inside of the charles mallory sail loft at mystic seaport museumCharles Mallory came to Mystic in 1816, having just completed his apprenticeship to a sailmaker in New London. Charles Mallory prospered as whaling and shipbuilding grew in the village and by the 1860s he was one of the state’s most prosperous ship owners. This sail loft was originally located downriver from the Greenman shipyard where the Museum now stands, but it was brought here by barge in 1951.

Beginning in the 1870s, blueprints which included the sail area were supplied by a ship’s designer. Prior to that time (and frequently even after that date), sailmakers were of necessity their own patternmakers. After measuring the masts and yards of the ship, the sailmaker made a paper pattern, generally using 1/8″ to the foot as a scale, and then sketched in the outline on the floor of the loft. In order to have as much uninterrupted working space as possible, even the stove was suspended from the ceiling rather than have it sit on the floor.

charles mallory sail loft on a snowy dayAfter the canvas was cut to the pattern on the floor, it was sewn together and bolt rope was stitched on the edges. Fittings for attaching the sail to the yard or mast were then added. Stitching the pieces of cloth together could be done by machine beginning around the middle of the 19th century, but adding the bolt rope and fittings continues to be handwork on canvas sails.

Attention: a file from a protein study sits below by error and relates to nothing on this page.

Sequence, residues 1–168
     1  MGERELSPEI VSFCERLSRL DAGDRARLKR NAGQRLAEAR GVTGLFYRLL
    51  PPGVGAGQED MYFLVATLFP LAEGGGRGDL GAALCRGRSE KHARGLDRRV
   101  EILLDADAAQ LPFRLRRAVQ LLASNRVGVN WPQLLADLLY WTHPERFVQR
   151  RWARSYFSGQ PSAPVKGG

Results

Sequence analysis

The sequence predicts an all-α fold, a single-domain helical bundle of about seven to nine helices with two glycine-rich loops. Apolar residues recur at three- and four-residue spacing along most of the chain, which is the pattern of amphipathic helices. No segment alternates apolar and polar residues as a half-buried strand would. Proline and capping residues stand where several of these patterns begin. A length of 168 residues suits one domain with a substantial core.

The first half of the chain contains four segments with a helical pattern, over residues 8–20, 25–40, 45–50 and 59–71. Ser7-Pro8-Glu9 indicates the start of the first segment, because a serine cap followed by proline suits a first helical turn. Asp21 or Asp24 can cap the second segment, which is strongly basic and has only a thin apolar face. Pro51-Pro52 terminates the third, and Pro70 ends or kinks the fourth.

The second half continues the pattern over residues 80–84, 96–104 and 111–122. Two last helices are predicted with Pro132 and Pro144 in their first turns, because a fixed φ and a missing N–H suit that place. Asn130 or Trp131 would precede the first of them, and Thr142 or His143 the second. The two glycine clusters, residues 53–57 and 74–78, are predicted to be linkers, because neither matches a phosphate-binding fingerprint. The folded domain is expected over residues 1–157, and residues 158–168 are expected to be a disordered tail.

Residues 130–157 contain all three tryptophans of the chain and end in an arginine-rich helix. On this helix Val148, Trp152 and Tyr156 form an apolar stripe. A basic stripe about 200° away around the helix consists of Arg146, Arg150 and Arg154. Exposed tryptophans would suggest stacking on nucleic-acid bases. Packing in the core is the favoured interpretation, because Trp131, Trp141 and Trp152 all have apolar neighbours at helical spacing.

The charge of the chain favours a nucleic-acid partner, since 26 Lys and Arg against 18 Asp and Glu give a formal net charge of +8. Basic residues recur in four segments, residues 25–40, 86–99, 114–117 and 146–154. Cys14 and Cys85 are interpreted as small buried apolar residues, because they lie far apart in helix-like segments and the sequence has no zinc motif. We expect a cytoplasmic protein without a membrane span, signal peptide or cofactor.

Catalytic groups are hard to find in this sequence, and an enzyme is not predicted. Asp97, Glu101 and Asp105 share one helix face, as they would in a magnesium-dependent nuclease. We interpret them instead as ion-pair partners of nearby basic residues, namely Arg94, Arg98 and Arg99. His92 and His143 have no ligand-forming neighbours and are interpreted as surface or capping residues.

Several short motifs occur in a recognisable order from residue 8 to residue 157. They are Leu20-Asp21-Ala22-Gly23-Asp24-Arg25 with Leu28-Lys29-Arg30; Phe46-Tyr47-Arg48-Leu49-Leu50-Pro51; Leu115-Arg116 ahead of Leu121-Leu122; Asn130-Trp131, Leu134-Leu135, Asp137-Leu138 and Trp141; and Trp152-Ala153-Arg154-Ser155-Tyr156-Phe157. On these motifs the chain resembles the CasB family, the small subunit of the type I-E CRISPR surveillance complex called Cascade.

charles mallory sail loft at mystic seaport museumThe exhibit includes essential tools with such intriguing names as palms, fids, and commanders, as well as awls and marlinspikes. Maintenance work on the Museum’s sails and the building of new sails for our exhibit vessels still take place in this sail loft.